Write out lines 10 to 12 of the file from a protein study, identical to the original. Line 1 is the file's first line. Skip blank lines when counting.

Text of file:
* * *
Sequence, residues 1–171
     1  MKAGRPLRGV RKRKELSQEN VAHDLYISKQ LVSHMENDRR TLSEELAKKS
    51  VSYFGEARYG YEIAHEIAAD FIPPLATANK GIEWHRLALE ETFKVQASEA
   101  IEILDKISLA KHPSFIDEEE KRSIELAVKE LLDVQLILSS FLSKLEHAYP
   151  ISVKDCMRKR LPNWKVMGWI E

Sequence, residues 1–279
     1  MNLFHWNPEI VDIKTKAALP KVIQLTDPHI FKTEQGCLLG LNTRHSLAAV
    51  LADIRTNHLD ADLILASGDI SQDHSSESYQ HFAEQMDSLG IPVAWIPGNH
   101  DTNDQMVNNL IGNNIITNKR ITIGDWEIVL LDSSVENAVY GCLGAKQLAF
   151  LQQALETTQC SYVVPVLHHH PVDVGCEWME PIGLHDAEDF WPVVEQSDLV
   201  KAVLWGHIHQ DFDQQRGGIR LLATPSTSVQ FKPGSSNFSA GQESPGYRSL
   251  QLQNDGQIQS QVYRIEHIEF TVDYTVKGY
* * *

   151  LQQALETTQC SYVVPVLHHH PVDVGCEWME PIGLHDAEDF WPVVEQSDLV
   201  KAVLWGHIHQ DFDQQRGGIR LLATPSTSVQ FKPGSSNFSA GQESPGYRSL
   251  QLQNDGQIQS QVYRIEHIEF TVDYTVKGY